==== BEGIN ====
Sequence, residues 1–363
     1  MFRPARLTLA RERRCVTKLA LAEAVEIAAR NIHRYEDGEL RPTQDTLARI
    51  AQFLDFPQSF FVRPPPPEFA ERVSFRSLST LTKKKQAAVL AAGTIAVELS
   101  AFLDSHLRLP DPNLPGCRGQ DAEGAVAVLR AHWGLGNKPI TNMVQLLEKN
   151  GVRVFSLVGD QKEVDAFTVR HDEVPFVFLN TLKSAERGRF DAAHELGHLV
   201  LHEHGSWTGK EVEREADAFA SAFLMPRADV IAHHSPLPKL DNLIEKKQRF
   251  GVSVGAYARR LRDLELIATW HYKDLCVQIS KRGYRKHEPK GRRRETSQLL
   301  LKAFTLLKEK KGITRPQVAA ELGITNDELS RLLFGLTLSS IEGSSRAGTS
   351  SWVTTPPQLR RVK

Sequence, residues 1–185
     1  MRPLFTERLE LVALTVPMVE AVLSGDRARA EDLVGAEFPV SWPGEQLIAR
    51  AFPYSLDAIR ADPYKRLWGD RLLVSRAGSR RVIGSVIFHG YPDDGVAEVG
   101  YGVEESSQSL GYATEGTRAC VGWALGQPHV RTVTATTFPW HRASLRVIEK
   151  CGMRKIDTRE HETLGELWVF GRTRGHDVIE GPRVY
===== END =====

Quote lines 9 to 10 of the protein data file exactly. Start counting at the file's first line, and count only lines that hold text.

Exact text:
   351  SWVTTPPQLR RVK

Sequence, residues 1–185